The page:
гайка

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Belarusian[edit]

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Noun[edit]

га́йка (hájkaf inanimate

  1. nut

Declension[edit]


Russian[edit]

Etymology[edit]

Per Trubachev and Anikin (although Vasmer expressed skepticism) from Proto-Slavic *gajьka (something that connects; something that prohibits), derived from Proto-Slavic *gajiti (to protect).

Attested since 17th century.

Cognates include Serbo-Croatian gȃjka (movable ring; nut), dialectal Czech hajka (straw landmark on a pole as a sign prohibiting road use), Ukrainian га́ïти (háïty, to slow down; to linger), Czech hájiti (to protect, care), Slovak hájit’ (to protect, stand up for).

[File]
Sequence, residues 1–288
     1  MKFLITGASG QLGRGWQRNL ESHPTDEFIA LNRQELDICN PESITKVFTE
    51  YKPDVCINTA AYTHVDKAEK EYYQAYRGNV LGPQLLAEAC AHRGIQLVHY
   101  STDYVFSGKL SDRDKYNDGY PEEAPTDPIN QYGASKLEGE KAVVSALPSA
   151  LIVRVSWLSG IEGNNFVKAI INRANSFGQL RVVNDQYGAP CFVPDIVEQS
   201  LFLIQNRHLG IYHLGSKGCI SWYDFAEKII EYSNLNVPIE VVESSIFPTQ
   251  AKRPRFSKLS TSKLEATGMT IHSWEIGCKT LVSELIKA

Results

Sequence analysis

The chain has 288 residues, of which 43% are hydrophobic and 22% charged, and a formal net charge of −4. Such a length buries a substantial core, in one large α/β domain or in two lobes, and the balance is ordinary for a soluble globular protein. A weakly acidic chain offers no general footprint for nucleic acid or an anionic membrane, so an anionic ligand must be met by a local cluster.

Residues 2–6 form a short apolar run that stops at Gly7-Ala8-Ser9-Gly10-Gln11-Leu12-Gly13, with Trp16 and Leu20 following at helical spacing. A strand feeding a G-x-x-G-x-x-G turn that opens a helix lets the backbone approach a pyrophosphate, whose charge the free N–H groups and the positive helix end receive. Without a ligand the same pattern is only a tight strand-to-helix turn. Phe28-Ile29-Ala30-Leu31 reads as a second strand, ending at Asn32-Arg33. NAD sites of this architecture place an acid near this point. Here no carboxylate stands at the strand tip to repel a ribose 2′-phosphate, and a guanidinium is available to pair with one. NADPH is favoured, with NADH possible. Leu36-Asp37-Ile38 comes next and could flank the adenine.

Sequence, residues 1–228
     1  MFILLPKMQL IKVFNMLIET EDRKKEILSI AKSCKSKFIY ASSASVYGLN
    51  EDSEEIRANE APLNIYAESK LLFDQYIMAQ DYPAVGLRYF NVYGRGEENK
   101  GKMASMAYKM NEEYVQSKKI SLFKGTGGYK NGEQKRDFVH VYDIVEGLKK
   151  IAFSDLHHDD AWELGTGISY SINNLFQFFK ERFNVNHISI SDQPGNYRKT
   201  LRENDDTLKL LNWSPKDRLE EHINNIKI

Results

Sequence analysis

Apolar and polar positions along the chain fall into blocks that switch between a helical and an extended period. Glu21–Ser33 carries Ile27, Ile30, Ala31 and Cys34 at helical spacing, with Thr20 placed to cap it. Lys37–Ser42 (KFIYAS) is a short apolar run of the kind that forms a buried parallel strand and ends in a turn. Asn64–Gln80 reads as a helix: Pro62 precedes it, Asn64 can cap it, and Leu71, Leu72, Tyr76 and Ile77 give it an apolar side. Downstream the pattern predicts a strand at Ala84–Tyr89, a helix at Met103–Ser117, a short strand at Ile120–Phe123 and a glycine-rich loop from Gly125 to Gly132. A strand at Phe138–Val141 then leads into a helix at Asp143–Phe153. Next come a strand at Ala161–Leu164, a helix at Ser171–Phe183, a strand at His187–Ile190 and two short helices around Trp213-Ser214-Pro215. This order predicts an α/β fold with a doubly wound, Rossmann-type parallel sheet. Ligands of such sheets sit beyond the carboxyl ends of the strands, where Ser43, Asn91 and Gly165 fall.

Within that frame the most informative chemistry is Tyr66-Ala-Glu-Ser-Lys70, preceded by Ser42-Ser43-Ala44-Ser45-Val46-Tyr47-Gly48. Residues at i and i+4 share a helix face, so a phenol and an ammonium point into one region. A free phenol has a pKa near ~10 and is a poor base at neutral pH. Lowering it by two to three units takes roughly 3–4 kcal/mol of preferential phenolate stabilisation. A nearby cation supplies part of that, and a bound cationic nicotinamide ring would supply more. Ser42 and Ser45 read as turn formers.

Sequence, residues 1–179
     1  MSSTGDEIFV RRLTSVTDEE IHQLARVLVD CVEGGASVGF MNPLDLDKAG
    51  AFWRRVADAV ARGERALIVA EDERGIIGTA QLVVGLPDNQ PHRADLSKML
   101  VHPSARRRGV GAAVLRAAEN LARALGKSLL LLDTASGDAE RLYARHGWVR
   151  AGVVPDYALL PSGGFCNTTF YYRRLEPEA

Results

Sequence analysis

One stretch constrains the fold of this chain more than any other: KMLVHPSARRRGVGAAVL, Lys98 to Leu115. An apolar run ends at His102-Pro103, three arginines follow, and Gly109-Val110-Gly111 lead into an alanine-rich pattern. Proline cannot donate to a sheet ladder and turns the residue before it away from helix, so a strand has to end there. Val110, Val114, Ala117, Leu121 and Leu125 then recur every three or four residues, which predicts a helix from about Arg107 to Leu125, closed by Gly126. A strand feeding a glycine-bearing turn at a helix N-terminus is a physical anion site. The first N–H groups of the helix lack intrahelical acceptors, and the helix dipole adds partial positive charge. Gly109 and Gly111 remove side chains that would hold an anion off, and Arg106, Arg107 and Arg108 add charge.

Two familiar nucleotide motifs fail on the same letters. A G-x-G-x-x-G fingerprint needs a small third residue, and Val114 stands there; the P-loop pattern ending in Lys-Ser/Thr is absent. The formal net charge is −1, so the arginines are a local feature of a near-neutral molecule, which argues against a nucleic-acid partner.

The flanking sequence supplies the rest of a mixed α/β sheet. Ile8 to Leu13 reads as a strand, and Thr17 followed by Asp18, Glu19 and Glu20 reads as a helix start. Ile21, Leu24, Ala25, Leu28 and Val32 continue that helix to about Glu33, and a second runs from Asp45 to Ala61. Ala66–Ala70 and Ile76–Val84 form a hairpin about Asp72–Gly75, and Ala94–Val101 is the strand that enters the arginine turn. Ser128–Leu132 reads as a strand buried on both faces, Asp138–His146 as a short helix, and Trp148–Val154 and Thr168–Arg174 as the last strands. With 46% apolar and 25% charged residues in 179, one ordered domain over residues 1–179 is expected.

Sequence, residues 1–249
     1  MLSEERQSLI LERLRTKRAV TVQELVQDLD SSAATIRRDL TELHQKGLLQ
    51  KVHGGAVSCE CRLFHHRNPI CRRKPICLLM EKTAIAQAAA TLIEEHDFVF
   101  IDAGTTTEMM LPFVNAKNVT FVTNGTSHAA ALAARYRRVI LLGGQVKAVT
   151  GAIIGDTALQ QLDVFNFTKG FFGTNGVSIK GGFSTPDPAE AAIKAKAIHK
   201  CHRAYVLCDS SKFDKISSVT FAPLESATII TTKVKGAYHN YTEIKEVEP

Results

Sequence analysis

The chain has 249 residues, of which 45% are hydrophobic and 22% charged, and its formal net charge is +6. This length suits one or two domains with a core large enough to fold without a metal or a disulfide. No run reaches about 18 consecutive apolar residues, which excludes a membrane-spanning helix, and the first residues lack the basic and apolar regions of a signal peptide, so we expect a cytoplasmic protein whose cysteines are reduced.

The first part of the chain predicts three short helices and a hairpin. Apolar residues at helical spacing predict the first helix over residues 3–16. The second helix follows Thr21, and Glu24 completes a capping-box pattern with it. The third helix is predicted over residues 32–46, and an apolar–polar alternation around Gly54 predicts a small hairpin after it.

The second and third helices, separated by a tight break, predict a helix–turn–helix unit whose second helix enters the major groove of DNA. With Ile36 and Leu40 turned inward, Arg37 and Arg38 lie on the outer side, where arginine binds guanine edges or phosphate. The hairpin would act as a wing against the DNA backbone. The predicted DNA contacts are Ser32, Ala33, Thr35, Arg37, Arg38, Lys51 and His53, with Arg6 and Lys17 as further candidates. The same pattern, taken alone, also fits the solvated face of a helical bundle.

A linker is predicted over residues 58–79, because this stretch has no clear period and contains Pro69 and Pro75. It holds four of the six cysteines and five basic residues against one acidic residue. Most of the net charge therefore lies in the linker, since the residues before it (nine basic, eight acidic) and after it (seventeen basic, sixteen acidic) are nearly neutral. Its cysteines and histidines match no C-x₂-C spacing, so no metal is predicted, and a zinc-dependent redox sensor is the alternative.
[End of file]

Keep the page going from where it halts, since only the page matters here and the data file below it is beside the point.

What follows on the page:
Pronunciation[edit]

  • IPA(key): [ˈɡajkə]
  • (file)

Noun[edit]

га́йка (gájkaf inan (genitive га́йки, nominative plural га́йки, genitive plural га́ек)

  1. nut (that fits on a bolt)

Declension[edit]

Related terms[edit]

Descendants[edit]

References[edit]

  • Vasmer, Max (1964–1973), “гайка”, in Etimologičeskij slovarʹ russkovo jazyka [Etymological Dictionary of the Russian Language] (in Russian), translated from German and supplemented by Trubačóv O. N., Moscow: Progress